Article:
Soundtracks come and go, and frankly, film treatment of bluegrass music hasn't done much for the genre. Television hasn't done the music any favors, either. Broader exposure for bluegrass always has seemed to backfire.

If the film did nothing more than prompt Rebel Records to release this outstanding compilation, it accomplished something worthwhile. — Jay VotelTHE PIERCESSelf-titled (Epic Records)

The Alabama-bred Pierce sisters have managed to craft a solid and even affecting debut with their self-titled collection of folkish pop.

Catherine and Allison developed a cult following in their native Birmingham and later at Auburn University. On their debut album, it's easy to see why. In addition to their drop-dead model looks, they have beautiful voices that blend in easy, close harmony. They also have a knack for writing traditional singer-songwriter-type tunes that echo the Indigo Girls and Fiona Apple.

Check out particularly the opening track, "The Way."— Sean ScullyCHERThe Way of Love (MCA Records)"The Way of Love" is a collection of Cher's songs from 1965 to 1979. This era includes her early solo work, along with the music she created with former husband the late Sonny Bono.

This two-disc, 40-selection album includes the Sonny and Cher favorites "I Got You Babe" and "The Beat Goes On" along with other songs, such as "When You Say Love" and "A Cowboy's Work Is Never Done."Cher's solo efforts on the album include her first Top 20 single hit, "All I Really Want to Do"; "Bang Bang (My Baby Shot Me Down)"; and "You Better Sit Down Kids," which Cher sang from the husband's point of view. The well-known numbers "Gypsies, Tramps and Thieves," "I Hate to Sleep Alone" and "Half Breed," which played on the public's belief that Cher was of Indian heritage though she is of Armenian descent, add to the collection.

This might be a good album for fans who were around when the songs first were released. I wasn't, and I don't find them particularly enjoyable.— Amy BaskervilleJOHN ROBILETTEPiano Concerti(Musicians Showcase)

This is a very smooth performance by Mr. Robilette, who made his debut at the Kennedy Center in 1984.

Here he performs three old chestnuts: Ludwig van Beethoven's Concerto No. 4 in G. Major, Wolfgang Amadeus Mozart's Concert Rondo for Piano and Orchestra in D Major and Camille Saint-Saens' Piano Concerto No. 2 in G Minor. Of them all, the Saint-Saens piece is my favorite because of its beautiful melodies. This French composer was amazingly prolific; he took only three weeks to spin off this concerto. "I produce music as an apple tree produces apples," he once said.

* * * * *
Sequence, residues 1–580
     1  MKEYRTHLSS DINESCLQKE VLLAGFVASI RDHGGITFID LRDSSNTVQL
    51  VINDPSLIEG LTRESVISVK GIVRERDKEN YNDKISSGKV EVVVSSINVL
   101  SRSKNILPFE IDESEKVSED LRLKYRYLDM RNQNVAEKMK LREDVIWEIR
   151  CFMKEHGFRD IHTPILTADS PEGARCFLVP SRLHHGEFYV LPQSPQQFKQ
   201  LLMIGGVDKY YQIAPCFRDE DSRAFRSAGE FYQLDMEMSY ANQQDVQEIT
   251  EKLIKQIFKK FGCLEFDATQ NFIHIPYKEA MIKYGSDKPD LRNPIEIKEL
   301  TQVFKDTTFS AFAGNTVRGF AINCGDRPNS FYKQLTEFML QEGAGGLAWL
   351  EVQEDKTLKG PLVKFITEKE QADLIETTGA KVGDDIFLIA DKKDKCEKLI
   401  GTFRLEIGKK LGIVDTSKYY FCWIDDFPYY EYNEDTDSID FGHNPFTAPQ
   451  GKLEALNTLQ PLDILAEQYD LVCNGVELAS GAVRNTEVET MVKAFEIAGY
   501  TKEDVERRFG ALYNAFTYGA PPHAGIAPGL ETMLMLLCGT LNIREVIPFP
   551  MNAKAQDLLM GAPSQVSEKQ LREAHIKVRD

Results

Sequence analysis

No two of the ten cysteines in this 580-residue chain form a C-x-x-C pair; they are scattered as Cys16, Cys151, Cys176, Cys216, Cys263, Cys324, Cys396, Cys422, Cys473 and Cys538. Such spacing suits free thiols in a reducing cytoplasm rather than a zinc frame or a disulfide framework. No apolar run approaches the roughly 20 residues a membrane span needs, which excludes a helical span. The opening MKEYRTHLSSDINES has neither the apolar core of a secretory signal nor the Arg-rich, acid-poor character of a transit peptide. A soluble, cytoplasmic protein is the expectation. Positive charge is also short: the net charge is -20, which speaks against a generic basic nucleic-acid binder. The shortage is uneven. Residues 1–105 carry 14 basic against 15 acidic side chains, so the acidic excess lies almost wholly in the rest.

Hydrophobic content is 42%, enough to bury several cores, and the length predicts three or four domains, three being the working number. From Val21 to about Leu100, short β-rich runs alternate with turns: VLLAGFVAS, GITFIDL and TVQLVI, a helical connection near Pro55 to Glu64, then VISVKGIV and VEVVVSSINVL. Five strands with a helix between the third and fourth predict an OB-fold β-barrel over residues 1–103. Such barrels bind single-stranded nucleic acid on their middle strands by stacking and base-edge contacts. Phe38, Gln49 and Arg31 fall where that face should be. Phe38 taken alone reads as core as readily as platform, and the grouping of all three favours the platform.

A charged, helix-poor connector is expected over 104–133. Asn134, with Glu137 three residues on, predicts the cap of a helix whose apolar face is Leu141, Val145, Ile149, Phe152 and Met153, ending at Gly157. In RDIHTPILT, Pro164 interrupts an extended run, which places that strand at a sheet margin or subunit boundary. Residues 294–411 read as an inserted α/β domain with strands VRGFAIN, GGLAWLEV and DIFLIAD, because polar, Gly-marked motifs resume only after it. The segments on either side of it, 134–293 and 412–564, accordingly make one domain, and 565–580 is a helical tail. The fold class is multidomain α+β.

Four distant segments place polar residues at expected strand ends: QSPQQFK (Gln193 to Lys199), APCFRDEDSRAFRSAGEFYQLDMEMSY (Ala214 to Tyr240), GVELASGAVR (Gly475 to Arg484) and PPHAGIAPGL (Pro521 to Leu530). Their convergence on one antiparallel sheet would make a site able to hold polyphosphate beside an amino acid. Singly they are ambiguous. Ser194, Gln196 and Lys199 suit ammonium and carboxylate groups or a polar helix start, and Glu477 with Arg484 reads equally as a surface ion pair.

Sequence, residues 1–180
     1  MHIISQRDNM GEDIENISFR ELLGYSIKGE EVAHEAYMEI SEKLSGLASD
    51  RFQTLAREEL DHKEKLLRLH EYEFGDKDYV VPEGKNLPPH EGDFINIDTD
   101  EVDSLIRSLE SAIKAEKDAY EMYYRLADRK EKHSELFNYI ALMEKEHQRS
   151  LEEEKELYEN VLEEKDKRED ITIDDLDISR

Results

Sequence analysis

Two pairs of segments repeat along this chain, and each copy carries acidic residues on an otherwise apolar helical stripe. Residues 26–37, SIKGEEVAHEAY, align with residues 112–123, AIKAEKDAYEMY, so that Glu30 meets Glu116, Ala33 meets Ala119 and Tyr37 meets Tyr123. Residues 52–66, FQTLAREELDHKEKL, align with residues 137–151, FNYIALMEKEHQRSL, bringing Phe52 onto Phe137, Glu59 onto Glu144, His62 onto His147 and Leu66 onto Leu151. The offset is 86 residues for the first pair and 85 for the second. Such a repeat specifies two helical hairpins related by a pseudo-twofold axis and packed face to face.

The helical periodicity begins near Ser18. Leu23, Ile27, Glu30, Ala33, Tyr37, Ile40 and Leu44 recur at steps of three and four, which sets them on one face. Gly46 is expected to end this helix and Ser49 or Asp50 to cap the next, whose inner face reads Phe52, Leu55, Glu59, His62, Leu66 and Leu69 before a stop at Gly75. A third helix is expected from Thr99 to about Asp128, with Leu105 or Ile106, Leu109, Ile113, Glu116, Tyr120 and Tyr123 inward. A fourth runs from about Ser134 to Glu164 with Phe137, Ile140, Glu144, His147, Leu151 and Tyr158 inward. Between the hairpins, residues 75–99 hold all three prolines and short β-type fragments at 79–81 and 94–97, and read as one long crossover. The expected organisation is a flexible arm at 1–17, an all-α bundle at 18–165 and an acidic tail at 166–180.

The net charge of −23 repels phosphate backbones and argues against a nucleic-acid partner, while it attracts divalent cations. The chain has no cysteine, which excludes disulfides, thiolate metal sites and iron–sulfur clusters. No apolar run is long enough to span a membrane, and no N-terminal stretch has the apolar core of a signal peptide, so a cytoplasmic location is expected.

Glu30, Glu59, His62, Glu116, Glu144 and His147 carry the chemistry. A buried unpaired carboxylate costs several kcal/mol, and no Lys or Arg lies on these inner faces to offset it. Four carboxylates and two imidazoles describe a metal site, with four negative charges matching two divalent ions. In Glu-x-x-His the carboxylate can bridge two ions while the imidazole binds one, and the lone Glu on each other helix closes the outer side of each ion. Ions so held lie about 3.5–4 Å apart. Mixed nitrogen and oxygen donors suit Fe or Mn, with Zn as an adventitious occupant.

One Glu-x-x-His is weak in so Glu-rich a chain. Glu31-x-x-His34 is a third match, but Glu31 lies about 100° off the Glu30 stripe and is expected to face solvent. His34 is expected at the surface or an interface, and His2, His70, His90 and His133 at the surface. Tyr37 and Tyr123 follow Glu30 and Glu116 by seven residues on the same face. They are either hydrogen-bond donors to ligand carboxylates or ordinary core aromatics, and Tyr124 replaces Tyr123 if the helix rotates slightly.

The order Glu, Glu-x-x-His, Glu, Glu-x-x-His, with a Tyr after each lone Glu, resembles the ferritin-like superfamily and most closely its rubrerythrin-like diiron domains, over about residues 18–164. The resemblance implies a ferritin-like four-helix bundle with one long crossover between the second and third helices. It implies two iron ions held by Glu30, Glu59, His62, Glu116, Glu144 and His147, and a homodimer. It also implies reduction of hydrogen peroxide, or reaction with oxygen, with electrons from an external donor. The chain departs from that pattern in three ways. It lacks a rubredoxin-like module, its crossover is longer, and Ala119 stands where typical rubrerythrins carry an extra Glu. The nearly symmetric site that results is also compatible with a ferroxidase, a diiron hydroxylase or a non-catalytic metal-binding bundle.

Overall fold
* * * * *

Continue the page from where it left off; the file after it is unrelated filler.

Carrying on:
This CD, recorded at the Place of Culture in Sofia, Bulgaria, from Aug. 2 through 6, 1999, features the New Symphony Orchestra of Sofia. Mr. Robilette, whose style is first-class, went on to debut in London this past spring, at Wigmore Hall.— Julia Duin

VARIOUS ARTISTSCommunion With God(Windham Hill)

Leave it to Windham Hill to try to make some money out of the current craze in spirituality by stringing together releases by its artists that mention God in some way.

The collection is introduced by Neale Donald Walsch, a New Age author living in southern Oregon who has made a mint on books such as "Conversations With God, an Uncommon Dialogue." Mr. Neale gives God's responses to his questions about love, faith and evil — quite a feat when various saints and patriarchs throughout the millenniums have tried unsuccessfully to get the Almighty to explain Himself.

As for the music, some of it has a spiritual message; other selections are merely pretty. Liz Story's "Sacred Nights" is based on a traditional hymn, which should have gotten credit on the album. Artist Cecilia's "The Prayer" is haunting and beautiful. Her soprano sounds like that of Sarah Brightman.

Other good picks: David Arkenstone's "Continue to Be" and Cathy Bolton's "The Wind Beneath My Wings," the latter featuring a female vocalist on a guitar, a la Joan Baez. Rhonda Larson's "Be Still My Soul," which borrows its tune from "Finlandia," takes off on some lyrical flute variations.

If nothing else, this thoughtful, meditative CD quiets the listener. It is not worship, however. And a libretto would help.— J.D.